A Simple Guide to Cruising Tahiti
You would be right for thinking Tahiti is one of the most beautiful destinations the world has to offer, with turquoise lagoons and postcard-perfect white sand beaches. You would also be forgiven for thinking you would encounter these the moment you step off the plane in Papeete.
These pristine beach scenes are depicted throughout travel brochures and destination guides so it’s little wonder many people don’t realise that to experience this idyllic haven, there is a little more to it. And there is a lot more to Tahiti than just beautiful beaches!
There are 118 islands making up The Islands of Tahiti, or French Polynesia. Many of these are uninhabited and, whilst the total landmass of these islands is only 4,100 sq km (1600 sq miles), the actual nautical surface area is the size of Western Europe. So you can see why a little bit of planning is required if you would like to see even a fraction of what Tahiti has to offer!
Papeete is the gateway to French Polynesia. When arriving from (or via) New Zealand, the flights often have late evening arrival times so an overnight in Papeete is usually required. This isn’t a bad thing – while Papeete isn’t the most enthralling town, overnighting in Papeete gives you that extra bit of breathing space in case of flight delays.
Papeete is also worth a look. It’s a little on the dusty side and some buildings could do with some repairs, but the colourful fish markets can be interesting with the tropical varieties brought in and the marina often hosts some impressive super yachts. In the evenings, Les Roulottes on the waterfront are worth checking out. The trucks set up with tables and chairs and offer a variety of food from burgers to pasta to swordfish. The atmosphere is relaxed and friendly and it is a favourite for the locals. Be sure to bring local currency as credit cards are not always accepted.
You can take a half day circle island tour that will take you out of Papeete and show you some spectacular sights of Tahiti, as well as giving you and overview on culture, history and politics. It’s a good way to get an insight into Tahitian life in a short time frame.
Each island is different – the most popular being Moorea, simply because of its close proximity to Papeete and easy accessibility. With regular ferry crossings, bays and beaches that are far superior to the mainland, numerous activities both on and off the water and some beautiful scenic walks, it’s a popular spot for tourists and locals alike.
Venturing further afield, Bora Bora is perhaps the most famous of Tahiti’s islands and this is where you’ll find the postcard perfect lagoons and beaches. It’s an idyllic oasis that epitomises the essence of Tahiti with crystal clear waters, fragrant flowers and tranquil seclusion and luxury.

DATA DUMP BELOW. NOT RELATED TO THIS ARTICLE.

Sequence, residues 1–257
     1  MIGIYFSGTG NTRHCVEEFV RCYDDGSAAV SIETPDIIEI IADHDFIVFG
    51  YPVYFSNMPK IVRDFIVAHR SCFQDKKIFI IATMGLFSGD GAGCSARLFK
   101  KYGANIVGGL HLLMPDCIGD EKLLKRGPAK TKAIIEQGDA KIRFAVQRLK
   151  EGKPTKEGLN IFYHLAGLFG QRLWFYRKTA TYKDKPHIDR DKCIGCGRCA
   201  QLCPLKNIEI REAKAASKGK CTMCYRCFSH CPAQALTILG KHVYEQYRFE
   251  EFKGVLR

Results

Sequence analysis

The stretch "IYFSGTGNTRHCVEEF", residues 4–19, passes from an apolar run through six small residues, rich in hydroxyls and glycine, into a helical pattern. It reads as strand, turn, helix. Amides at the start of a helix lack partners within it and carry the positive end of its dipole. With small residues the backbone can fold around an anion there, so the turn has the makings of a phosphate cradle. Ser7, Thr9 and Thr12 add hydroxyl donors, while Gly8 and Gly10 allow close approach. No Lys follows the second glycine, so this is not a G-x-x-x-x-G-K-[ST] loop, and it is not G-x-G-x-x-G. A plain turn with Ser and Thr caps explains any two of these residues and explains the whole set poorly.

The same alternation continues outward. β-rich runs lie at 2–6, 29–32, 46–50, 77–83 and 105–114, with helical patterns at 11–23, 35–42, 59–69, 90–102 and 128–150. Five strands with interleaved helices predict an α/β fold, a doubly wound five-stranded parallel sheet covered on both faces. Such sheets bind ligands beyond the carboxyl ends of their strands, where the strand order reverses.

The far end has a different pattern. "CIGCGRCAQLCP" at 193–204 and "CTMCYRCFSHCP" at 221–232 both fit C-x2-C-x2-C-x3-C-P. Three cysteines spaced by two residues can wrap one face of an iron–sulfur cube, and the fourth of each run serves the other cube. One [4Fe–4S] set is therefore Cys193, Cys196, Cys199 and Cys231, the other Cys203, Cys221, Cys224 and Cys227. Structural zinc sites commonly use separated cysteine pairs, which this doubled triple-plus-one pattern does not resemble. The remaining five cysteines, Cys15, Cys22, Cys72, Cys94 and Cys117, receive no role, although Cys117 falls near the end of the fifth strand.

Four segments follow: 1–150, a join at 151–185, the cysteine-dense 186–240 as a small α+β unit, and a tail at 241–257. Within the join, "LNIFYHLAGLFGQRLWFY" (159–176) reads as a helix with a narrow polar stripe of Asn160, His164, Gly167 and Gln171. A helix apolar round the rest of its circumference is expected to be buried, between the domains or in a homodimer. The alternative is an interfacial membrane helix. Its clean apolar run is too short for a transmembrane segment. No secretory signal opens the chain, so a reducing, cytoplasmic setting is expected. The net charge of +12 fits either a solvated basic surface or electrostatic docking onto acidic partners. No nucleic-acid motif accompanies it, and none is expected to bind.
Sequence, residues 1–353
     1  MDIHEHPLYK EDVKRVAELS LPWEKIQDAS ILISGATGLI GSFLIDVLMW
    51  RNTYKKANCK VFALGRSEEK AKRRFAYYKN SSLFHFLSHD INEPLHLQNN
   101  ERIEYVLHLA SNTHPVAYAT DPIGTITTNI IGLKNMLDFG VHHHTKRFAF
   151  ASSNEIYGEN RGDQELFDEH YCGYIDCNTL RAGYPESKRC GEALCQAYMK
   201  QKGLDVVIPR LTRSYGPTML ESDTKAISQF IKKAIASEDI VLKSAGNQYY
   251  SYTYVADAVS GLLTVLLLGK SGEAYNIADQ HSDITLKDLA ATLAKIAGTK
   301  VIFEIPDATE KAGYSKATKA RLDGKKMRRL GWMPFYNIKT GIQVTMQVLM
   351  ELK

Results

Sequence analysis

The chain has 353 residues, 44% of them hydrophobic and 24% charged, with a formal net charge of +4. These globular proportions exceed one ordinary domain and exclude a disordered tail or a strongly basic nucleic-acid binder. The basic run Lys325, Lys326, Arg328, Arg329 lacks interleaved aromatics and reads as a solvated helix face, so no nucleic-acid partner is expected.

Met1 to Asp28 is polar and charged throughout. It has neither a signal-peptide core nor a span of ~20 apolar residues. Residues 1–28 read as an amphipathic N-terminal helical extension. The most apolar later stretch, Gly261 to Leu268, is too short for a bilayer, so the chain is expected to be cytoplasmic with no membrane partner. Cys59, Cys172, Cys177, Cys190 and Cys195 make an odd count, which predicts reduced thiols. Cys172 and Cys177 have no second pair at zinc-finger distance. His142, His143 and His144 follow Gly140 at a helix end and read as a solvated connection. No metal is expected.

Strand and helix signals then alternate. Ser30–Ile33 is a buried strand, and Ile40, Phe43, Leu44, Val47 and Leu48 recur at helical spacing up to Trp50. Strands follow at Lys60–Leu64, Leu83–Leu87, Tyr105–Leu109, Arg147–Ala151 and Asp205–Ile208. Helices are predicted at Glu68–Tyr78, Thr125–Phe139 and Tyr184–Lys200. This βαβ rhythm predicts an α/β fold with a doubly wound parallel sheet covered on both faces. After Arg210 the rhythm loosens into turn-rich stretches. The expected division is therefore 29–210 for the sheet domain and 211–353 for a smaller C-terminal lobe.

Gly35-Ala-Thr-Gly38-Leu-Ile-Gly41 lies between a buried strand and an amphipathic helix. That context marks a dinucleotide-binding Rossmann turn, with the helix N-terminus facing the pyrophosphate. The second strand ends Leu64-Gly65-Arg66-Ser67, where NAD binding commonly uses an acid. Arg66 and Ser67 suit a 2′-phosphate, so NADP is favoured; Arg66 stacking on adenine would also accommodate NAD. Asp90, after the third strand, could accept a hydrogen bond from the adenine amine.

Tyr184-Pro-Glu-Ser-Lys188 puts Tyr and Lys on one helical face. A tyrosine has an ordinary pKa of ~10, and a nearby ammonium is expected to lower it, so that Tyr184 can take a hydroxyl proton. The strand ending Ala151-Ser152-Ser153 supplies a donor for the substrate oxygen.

But if you want to see more of Tahiti that the average traveller, the islands of Huahine, Raiatea and Taha’a beckon – each with their own personality. Huahine boasts tropical gardens with vanilla and coconut plantations, banana groves and watermelon fields whilst Raiatea oozes mystical charm with myths, history, hidden temples and fascinating legends and Taha’a is a breath-taking expanse of white sand beaches and turquoise lagoons.
Image: Paul Gauguin
For the more adventurous still, head on out to the remote Marquesas Islands. Unlike any other islands in French Polynesia, this rugged archipelago will hold you spellbound with volcanic, jungle-clad mountains plunging dramatically into the Ocean. Here you will find some of the largest ancient tiki statues in French Polynesia, historic homes and cathedrals and friendly locals who will enjoy demonstrating the ancient techniques of sculpturing, woodcarving and even tattoo. The best way to see the Marquesas is via the custom-built freighter, Aranui 5, as she delivers supplies to the locals.
Distance between Tahiti’s islands is probably greater than you think. Domestic flights will take you between some of the islands (those with airports at least) but you’ll spend a good amount of time waiting at airports and transiting, which is why cruising is a popular option when visiting multiple islands. Tahiti has a range of cruise options available including charter catamarans, the Aranui 5 freighter, luxury cruises like the Paul Gauguin, Oceania and Crystal Cruises and luxury expedition ships who visit for short periods.
To ensure you make the most of your time, be sure to speak to an expert who can provide you with all the options and ensure the cruise you select matches your personality. For more information, click here.